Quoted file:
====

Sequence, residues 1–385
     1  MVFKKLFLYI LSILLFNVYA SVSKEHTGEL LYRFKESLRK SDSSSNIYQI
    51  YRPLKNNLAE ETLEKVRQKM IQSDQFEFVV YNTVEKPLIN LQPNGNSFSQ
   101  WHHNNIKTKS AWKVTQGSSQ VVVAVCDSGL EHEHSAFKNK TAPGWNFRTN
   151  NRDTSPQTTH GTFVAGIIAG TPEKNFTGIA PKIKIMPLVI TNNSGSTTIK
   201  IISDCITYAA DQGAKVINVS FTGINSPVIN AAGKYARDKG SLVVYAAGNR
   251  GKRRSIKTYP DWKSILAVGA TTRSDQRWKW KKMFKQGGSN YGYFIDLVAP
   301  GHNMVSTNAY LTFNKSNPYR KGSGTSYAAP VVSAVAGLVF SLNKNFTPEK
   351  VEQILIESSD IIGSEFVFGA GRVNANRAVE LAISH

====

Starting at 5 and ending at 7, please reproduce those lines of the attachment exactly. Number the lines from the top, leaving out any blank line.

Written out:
   151  NRDTSPQTTH GTFVAGIIAG TPEKNFTGIA PKIKIMPLVI TNNSGSTTIK
   201  IISDCITYAA DQGAKVINVS FTGINSPVIN AAGKYARDKG SLVVYAAGNR
   251  GKRRSIKTYP DWKSILAVGA TTRSDQRWKW KKMFKQGGSN YGYFIDLVAP